Another member, Unka Bobby, responded later in the thread, as if representing some anthropomorphized perspective of Tai Shan: "Fank you eveybody. . . . i twied to go back to sweep, but i culdent. Im eeting tum boo wite now, wooking out da window, wating fow aww my fwiends, Aunties, and Unkies."
And on it went.
The members' interest in panda bears was not simply confined to conservation or science or even pandas as ursine creatures of the wild. In many ways, that was all secondary to a certain emotional need the idea -- their idea -- of the panda met.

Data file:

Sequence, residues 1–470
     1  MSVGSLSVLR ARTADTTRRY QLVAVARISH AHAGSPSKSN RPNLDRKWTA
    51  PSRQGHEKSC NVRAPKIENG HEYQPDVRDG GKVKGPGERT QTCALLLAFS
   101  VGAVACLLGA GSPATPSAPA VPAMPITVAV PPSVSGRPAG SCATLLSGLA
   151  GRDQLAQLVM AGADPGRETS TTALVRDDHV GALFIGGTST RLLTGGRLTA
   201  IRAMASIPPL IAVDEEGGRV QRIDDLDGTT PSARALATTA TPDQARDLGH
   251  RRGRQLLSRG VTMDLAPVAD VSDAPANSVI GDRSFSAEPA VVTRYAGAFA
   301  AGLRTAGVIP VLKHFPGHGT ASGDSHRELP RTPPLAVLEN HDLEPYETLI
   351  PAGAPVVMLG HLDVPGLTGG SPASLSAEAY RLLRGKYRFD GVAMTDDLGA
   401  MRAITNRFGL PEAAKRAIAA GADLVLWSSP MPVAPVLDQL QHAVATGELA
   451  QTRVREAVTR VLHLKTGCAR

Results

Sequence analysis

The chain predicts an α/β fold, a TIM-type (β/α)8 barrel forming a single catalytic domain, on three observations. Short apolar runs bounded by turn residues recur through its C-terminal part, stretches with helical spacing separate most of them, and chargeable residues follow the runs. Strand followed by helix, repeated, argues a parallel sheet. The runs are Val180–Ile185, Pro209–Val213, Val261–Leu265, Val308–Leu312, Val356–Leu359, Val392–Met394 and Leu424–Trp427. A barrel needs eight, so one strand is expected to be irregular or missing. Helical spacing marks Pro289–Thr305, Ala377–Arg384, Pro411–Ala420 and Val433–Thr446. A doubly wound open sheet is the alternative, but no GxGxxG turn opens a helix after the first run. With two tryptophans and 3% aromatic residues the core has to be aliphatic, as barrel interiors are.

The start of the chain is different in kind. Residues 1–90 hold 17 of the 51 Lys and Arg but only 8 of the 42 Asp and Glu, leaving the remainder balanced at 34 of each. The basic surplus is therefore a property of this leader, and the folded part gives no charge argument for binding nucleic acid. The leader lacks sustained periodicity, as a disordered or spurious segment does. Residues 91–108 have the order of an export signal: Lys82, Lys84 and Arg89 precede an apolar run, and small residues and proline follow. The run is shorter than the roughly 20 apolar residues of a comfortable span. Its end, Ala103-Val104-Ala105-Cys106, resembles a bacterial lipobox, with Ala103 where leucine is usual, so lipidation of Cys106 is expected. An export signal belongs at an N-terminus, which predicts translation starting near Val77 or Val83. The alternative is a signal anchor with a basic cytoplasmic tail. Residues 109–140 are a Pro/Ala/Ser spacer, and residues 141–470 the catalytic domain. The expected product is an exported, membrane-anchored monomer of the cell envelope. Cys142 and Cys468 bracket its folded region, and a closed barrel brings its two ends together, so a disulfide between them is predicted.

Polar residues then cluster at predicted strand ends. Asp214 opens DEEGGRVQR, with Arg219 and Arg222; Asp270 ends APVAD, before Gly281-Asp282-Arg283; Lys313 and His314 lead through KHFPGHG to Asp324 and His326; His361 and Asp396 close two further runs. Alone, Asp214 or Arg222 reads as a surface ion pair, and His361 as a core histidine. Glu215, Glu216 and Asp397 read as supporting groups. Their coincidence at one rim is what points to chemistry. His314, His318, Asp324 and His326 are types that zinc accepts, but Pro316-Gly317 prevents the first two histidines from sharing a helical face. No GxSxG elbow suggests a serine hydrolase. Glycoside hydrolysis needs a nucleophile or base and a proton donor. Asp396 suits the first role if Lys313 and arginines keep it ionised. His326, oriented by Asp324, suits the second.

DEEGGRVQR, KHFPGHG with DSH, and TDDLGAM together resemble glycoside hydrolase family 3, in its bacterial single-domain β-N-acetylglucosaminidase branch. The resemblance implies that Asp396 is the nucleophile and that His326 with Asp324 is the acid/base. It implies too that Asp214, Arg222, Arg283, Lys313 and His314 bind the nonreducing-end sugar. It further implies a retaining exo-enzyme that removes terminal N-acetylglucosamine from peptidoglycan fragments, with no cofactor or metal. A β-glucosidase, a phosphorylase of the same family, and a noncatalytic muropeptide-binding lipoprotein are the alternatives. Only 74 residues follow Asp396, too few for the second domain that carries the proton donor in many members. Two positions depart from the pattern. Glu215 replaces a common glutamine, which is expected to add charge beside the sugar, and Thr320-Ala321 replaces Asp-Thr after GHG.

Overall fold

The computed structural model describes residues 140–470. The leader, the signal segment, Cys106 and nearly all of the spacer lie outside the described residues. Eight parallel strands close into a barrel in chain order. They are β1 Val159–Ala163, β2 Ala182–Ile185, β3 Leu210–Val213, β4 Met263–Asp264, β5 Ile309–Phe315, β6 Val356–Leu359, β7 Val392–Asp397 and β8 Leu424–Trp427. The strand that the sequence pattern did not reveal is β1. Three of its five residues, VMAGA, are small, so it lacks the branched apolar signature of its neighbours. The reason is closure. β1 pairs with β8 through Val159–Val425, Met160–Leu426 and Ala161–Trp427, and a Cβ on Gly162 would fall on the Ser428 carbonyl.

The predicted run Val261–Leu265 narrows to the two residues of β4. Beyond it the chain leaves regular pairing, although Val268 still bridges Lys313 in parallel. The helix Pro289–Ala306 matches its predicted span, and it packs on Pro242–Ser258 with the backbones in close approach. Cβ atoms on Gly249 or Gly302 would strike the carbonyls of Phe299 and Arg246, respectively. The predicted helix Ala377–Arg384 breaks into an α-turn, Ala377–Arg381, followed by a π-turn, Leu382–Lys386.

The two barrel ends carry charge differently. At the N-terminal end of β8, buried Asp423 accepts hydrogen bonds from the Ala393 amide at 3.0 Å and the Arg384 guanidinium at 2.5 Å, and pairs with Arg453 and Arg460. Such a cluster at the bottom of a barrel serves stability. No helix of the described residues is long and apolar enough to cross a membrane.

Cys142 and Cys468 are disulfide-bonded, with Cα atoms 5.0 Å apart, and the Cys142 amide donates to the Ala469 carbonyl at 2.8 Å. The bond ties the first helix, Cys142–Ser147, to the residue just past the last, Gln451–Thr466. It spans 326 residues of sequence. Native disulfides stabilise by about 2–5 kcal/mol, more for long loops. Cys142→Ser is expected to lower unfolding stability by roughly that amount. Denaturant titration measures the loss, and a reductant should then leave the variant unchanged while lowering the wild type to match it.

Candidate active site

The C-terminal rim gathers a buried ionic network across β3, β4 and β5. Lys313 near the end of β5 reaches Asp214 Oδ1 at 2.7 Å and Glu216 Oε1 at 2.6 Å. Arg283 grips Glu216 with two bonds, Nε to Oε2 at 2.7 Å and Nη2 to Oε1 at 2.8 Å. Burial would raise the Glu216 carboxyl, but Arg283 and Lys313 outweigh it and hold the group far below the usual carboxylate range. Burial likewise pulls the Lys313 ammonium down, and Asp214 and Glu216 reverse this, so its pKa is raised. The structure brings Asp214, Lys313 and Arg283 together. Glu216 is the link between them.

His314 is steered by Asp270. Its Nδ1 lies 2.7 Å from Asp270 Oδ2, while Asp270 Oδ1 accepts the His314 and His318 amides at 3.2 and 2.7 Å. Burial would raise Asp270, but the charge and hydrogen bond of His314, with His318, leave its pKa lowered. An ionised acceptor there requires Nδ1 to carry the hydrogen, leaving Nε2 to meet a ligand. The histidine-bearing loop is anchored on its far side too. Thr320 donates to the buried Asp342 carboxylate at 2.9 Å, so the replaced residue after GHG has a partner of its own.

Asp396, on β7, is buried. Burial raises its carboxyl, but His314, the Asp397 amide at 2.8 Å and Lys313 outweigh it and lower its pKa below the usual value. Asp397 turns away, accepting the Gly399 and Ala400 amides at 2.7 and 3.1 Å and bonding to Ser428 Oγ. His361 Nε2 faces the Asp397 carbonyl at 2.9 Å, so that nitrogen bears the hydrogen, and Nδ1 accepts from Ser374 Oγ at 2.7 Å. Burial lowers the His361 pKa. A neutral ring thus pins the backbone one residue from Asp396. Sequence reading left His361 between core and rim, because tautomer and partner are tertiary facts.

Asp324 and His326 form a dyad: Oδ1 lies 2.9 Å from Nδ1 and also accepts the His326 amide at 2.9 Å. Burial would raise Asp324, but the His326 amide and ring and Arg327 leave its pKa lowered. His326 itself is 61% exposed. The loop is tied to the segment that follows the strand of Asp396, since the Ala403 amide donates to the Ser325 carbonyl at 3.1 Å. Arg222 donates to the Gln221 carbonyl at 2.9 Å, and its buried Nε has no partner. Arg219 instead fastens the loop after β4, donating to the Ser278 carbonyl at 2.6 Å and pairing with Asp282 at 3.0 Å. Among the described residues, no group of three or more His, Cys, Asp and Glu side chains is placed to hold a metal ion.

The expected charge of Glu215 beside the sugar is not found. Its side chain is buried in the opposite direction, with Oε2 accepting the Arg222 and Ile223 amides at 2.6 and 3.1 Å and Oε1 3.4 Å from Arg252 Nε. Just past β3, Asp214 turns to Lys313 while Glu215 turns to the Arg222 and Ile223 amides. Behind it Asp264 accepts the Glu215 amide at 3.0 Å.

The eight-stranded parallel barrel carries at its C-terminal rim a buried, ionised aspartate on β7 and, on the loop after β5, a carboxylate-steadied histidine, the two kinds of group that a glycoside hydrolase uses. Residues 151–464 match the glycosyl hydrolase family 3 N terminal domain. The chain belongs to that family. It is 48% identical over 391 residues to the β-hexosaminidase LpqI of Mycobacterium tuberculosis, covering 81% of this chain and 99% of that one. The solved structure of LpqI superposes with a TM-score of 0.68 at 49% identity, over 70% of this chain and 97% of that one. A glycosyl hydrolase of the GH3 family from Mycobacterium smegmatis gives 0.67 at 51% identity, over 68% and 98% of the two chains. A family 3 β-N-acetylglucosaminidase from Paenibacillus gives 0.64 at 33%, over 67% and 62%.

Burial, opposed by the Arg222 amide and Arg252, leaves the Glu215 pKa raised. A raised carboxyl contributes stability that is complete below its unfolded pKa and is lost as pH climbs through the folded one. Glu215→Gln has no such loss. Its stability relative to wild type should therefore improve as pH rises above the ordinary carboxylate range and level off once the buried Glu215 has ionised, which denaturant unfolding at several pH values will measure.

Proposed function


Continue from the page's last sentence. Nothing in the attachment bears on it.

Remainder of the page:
Though she had seen Tai Shan caper about online before, Nguyen's own interest didn't take hold until she gazed upon him in the flesh for the first time. Watching Mei Xiang care for her cub, Nguyen says, "was like a miracle to me." That first night after the encounter, she decided to stay at the house of a friend who lived closer to the zoo, so she could return all the earlier the next morning. She stayed away for a few months after that, alarmed by her own intense reaction, but after a few months returned regularly. She and her boyfriend now go practically every weekend, from 7 a.m. to midafternoon.
"I guess what bonds us," Nguyen says of the group, "is the need to express ourselves, to bring out what's in our heart to help the pandas. Because when you love something, you want to help it, too."